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New York actress “embraced queer identity” in Liverpool

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An actress and playwright who moved to Liverpool from the United States said the city helped her embrace her identity as a queer person.

Sasha Georgette, 22, moved from New York to Liverpool in 2017 and found “strength” among the people of the lesbian, gay, bisexual, transgender and queer scene in Liverpool.

She first moved across the pond to study acting at the Liverpool Institute of Performing Arts.

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New York City, home of Broadway, is often considered to be the heart of the American theater scene. According to hitmakers Alicia Keys, Frank Sinatra and Billy Joel, whose biggest hits are love letters to the city, there is “nothing you can’t do” in the Big Apple.

But after graduating from high school, Sasha, an aspiring actress whose interests lie in television and film, realized that the city’s theater scene was not her calling.

Sasha ECHO: “New York is based on music theater.

“We have no theater scene there, no fringe theater or any experimental theater.”

It was at this point that Sasha began looking for educational opportunities abroad and eventually discovered LIPA.

She continued, “C When I came here, I was shocked at how many options there were to do what I wanted to do. “

When she fell in love with British theater and mingled in Liverpool’s LGBT + scene, the New York native “changed” the way she sees herself.

At just 11 years old, Sasha knew she was “not straight” but was struggling to identify with the LGBT + umbrella.

Sasha said, “None of these titles really appealed to me.”

She described what she perceived as “internalized homophobia,” which led her to distance herself from the LGBT + community.

Sasha added, “I’ve been in a four-year relationship with a man so I’ve often had the privilege of being straightforward.

“But the more I said queer, I thought, Wow, that’s it. That’s me.”

Often added to the LGBT + acronym as the letter Q, queer is a word reclaimed by the community as an umbrella term to describe a person who is not straight, cisgender, or whose identity goes beyond the standard definitions of lesbian, gay , bisexual or transgender.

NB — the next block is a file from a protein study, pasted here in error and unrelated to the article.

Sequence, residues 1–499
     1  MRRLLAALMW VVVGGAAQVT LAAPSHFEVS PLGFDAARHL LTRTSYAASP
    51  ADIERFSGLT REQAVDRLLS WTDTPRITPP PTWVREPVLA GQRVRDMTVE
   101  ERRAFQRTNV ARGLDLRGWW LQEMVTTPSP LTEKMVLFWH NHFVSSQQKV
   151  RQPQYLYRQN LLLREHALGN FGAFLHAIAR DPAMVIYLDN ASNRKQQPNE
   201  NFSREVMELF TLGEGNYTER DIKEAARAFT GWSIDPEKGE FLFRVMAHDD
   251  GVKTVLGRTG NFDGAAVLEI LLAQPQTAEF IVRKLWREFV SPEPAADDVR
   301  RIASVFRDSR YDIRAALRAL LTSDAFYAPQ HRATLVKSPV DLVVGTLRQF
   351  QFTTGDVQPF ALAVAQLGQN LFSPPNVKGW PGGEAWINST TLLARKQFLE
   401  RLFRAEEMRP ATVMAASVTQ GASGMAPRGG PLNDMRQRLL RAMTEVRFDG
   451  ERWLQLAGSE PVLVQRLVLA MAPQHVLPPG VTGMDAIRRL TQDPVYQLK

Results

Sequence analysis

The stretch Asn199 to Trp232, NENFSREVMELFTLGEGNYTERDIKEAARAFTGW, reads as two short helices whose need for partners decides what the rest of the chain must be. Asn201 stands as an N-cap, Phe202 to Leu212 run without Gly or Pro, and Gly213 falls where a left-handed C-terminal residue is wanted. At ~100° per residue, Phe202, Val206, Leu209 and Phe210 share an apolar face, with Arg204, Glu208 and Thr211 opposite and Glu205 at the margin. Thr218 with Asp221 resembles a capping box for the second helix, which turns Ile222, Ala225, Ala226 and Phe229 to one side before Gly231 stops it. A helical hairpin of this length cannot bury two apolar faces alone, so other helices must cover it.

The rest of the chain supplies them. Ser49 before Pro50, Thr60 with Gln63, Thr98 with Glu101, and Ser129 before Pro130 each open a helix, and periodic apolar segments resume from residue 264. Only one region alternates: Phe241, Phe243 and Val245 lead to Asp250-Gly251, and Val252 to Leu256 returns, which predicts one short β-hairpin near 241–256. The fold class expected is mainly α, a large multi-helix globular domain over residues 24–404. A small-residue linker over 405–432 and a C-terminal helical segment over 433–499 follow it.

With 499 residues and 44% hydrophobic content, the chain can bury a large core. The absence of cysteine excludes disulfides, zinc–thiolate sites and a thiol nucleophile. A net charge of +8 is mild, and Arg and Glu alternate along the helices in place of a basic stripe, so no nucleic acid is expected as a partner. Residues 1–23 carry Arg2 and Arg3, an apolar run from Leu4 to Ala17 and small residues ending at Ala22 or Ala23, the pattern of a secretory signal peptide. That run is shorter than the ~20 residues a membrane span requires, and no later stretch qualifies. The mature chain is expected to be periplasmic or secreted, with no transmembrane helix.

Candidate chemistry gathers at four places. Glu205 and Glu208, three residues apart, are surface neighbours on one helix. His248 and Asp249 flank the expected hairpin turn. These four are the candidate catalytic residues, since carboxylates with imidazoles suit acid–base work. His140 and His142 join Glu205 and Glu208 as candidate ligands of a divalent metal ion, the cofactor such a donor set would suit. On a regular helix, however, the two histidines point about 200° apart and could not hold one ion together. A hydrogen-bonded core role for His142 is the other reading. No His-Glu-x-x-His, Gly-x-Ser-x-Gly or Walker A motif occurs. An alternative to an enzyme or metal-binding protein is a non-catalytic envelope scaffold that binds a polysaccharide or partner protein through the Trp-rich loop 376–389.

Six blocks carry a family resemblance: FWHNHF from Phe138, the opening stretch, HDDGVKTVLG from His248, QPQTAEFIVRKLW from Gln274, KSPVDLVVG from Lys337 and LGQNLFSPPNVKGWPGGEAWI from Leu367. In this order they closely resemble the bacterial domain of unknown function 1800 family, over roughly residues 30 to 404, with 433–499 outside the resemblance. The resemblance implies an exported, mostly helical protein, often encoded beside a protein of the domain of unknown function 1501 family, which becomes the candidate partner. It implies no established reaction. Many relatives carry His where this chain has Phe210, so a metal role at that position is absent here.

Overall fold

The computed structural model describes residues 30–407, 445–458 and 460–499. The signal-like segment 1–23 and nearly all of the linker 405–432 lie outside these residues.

Sasha’s time in Liverpool helped her learn about internalized homophobia and gave her the “freedom” to be herself.

She said, “I broke up with my partner and said, ‘I’m queer’.

“I could finally say that proudly.”

As she became familiar with her identity, Sasha found new ways to explore the UK theater scene and learn more about her LGBT + counterparts.

Most recently, Sasha worked as stage and production manager on Sodomite’s September 2021 production of Killer Queen at Manchester’s Hidden Club, a queer-themed story set in the midst of the AIDS pandemic in the 1980s.

Sasha said, “It felt so cool because most of the people who were there were part of the LGBT + community and it was a show to stand up for these people and focus on issues that affect the queer community.

“A lot of queer-focused shows in the West End or on the main stage are pretty archetypal and stereotypical. It could just be the essence of those shows, they don’t have time to delve into those intimate details.”

She added, “They read plays by British playwrights and their style is so different from US playwrights who write more intense shows made for main stage relationships.”

Sasha also pointed to the surge in hate crime in Liverpool, praising survivors for courageously speaking out against bigotry.

Sasha added, “I know there is so much homophobia in this city right now, but if these people hadn’t raised their voices after these attacks and they were so proud of themselves, I wouldn’t have found the strength to say that I was am queer. “

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